Category: Being a Scientist

PECASE Honoree Michael Boyce on Sugar’s Role in Cell Signaling and on Diversity, Equity, and Inclusion in the Scientific Workforce

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Headshot of Michael Boyce. Michael Boyce, associate professor of biochemistry at Duke University in Durham, North Carolina. Credit: Michael Boyce.

Sugars aren’t merely energy sources for our cells. They also play important signaling roles through a process called glycosylation, where they attach to proteins and lipids as tags. Although these sugar tags, called glycans, impact many cellular processes, they have long been understudied due to technical challenges. Now, advances in analytical tools like mass spectrometry are enabling scientists to examine the enormous complexity of glycans. Other advances also allow researchers to synthesize complex sugars, providing them with standards for analytical experiments.

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Looking Back at the Top Three Posts of 2019

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Over the past 12 months, we’ve explored a variety of topics in genetics, cell biology, chemistry, and careers in the biomedical sciences. As we ring in the new year, we bring you our top three posts of 2019. If your favorite is missing, let us know what it is in the comments section below!

Amazing Organisms and the Lessons They Can Teach Us

Two Hawaiian bobtail squid with yellow skin, brown spots, and black eyes catching a neon green reflection. Hawaiian bobtail squid. Credit: Dr. Satoshi Shibata.

Studying research organisms, such as those featured in this post, teaches us about ourselves. These amazing creatures, which have some traits similar to our own, may hold the key to preventing and treating an array of complex diseases.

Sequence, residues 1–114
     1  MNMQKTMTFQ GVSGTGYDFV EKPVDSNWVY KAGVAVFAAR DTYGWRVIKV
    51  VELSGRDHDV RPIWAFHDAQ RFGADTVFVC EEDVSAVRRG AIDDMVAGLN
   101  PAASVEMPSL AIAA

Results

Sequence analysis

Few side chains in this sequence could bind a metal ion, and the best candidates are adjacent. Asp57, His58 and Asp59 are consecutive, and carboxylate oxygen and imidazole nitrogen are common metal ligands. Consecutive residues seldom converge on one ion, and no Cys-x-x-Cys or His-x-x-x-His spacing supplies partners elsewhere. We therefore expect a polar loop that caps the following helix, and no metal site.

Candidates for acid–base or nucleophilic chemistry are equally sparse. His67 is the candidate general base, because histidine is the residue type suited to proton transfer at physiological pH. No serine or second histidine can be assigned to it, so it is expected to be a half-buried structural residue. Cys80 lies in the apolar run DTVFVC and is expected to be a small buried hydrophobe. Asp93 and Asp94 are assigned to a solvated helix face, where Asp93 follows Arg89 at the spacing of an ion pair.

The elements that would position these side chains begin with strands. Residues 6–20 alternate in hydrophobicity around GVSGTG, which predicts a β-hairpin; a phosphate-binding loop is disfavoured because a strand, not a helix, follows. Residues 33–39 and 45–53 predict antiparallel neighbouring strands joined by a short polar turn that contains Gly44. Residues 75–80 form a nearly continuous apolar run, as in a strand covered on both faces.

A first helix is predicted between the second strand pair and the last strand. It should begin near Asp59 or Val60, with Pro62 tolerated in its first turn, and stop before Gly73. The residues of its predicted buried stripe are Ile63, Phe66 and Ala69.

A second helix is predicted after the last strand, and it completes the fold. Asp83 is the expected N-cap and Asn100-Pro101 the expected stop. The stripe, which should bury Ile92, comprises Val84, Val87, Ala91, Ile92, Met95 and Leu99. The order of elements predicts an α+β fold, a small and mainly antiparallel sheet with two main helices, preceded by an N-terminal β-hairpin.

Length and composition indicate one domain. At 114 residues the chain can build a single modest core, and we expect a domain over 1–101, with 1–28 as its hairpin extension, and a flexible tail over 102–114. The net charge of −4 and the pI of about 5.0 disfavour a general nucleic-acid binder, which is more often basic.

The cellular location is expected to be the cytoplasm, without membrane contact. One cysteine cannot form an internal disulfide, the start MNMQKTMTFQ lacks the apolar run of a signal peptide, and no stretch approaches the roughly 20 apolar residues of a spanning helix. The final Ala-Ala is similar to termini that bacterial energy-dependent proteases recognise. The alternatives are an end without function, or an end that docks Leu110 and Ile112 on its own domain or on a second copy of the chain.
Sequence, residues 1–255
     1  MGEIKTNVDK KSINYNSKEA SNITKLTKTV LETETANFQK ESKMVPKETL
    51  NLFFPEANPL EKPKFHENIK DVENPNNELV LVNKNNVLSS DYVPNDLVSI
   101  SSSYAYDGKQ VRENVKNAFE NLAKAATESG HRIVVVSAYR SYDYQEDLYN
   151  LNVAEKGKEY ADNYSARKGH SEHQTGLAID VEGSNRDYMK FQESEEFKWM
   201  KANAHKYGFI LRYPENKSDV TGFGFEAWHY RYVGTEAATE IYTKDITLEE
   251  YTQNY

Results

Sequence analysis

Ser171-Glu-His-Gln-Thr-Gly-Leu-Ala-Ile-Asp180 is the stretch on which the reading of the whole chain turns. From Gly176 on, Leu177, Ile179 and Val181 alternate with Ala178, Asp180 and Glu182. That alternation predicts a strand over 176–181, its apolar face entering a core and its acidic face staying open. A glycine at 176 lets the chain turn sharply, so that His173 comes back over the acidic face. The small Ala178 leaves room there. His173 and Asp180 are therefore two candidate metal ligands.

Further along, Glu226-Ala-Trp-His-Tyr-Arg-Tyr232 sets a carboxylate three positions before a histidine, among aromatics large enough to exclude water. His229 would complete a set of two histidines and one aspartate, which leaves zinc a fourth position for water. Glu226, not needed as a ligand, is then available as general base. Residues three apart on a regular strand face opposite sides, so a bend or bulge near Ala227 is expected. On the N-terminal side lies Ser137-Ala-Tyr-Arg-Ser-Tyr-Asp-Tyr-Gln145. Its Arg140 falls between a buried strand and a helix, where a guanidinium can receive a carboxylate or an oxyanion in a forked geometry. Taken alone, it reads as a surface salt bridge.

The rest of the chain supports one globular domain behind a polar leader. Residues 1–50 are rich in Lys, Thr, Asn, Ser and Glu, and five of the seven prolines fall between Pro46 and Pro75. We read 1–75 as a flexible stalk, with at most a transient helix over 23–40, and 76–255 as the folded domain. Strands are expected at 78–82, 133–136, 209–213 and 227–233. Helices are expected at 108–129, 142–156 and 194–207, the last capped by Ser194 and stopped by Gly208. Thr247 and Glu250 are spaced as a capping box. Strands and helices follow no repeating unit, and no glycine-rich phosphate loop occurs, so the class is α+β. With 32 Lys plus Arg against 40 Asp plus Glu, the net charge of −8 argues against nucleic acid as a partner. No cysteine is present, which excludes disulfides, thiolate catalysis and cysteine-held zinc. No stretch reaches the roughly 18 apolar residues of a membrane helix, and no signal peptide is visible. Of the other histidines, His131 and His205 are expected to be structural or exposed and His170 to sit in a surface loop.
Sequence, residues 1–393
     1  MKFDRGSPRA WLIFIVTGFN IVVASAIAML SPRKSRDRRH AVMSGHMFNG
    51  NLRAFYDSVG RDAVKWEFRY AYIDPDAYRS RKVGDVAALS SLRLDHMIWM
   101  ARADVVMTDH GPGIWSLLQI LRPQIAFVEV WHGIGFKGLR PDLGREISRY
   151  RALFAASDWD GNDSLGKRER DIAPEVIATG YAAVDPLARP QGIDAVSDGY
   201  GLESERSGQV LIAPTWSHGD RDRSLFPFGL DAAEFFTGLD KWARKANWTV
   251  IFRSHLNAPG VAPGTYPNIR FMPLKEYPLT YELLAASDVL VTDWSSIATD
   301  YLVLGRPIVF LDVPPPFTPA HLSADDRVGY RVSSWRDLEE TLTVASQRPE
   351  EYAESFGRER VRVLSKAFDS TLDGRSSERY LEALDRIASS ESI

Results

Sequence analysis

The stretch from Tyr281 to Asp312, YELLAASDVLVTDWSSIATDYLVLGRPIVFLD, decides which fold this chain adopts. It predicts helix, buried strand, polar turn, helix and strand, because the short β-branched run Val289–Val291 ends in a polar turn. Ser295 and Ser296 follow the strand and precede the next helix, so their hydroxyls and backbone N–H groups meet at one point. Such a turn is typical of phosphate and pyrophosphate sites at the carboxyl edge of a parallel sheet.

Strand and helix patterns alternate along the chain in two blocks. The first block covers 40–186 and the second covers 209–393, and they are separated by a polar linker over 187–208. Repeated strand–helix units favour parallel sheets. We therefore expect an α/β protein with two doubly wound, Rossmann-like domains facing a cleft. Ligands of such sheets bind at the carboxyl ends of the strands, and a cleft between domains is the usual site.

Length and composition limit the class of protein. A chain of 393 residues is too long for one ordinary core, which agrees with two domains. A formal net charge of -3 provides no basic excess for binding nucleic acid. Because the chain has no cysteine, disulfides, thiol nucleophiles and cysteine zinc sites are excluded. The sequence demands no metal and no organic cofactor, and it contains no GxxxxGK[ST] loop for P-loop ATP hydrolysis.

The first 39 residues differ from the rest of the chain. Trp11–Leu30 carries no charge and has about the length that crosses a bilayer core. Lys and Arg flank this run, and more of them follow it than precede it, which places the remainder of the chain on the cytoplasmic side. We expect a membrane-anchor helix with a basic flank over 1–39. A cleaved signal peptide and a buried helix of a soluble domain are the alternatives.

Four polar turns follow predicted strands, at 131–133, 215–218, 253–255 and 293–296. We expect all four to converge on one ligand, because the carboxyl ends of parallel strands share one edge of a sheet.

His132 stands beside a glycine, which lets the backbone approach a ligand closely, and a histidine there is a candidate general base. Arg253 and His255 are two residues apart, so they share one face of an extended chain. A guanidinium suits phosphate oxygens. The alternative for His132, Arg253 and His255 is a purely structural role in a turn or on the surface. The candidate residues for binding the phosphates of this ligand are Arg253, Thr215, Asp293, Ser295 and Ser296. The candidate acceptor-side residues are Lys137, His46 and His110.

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The Meat of the Matter: Learning How Gut Microbiota Might Reduce Harm from Red Meat

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Drawing of intestines with a magnifying glass showing bacteria within the intestine.Microbiota in the intestines. Credit: iStock.

Research on how diet impacts the gut microbiota has rapidly expanded in the last several years. Studies show that diets rich in red meat are linked to diseases such as colon cancer and heart disease. In both mice and humans, researchers have recently discovered differences in the gut microbiota of those who eat diets rich in red meat compared with those who don’t. This is likely because of a sugar molecule in the red meat, called N-glycolylneuraminic acid (Neu5Gc), that our bodies can’t break down. Researchers believe the human immune system sees Neu5Gc as foreign. This triggers the immune system, causing inflammation in the body, and possibly leads to disease over time.

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Block an Enzyme, Save a Life

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Vern Schramm in his lab, dressed in a white lab coat, standing with his arms folded across his chest. Vern Schramm, professor of biochemistry at Albert Einstein College of Medicine, Bronx, New York. Credit: Albert Einstein College of Medicine.

Enzymes drive life. Without them, we couldn’t properly digest food, make brain chemicals, move—or complete myriad other vital tasks. Unfortunately, in certain cases, enzymes also can trigger a host of health problems, including cancer, bacterial infections, and hypertension (high blood pressure).

Understanding how enzymes work has been the research focus of Vern Schramm for more than 4 decades.

“When we started our work, we were driven not by the desire to find drugs, but to understand the nature of enzymes, which are critical to human life,” Schramm says. But his research already led to one drug, and promises many more.

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PECASE Honoree Elizabeth Nance Highlights the Importance of Collaboration in Nanotechnology